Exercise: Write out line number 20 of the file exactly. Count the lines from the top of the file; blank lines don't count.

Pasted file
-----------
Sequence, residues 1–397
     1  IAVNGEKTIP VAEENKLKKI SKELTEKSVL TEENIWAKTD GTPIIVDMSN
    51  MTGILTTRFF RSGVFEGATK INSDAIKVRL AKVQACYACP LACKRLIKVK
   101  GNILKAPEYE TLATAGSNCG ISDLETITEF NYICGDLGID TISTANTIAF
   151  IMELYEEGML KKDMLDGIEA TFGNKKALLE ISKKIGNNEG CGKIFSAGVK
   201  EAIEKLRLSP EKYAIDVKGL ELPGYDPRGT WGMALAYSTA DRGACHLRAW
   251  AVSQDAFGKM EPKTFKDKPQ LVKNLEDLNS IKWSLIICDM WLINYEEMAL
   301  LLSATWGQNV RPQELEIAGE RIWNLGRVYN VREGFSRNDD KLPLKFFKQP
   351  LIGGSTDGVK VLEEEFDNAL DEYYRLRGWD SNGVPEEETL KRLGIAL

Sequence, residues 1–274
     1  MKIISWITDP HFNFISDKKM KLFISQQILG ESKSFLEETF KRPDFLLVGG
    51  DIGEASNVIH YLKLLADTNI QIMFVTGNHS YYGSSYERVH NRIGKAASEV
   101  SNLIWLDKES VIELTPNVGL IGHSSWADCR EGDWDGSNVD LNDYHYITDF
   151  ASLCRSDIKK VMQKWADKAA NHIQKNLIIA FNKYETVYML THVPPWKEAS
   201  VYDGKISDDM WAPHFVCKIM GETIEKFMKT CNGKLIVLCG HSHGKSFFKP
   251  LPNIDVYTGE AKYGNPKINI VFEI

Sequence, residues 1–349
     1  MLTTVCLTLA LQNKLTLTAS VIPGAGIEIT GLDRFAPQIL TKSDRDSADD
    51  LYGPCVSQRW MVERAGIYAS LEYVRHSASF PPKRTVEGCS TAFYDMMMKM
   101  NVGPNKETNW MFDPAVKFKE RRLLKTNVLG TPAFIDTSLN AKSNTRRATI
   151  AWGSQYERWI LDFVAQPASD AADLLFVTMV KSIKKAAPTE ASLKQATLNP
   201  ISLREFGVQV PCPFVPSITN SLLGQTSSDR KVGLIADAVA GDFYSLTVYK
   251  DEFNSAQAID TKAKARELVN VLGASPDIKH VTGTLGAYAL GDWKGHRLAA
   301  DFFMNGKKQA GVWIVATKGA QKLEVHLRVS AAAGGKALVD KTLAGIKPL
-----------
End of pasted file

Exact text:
   101  NVGPNKETNW MFDPAVKFKE RRLLKTNVLG TPAFIDTSLN AKSNTRRATI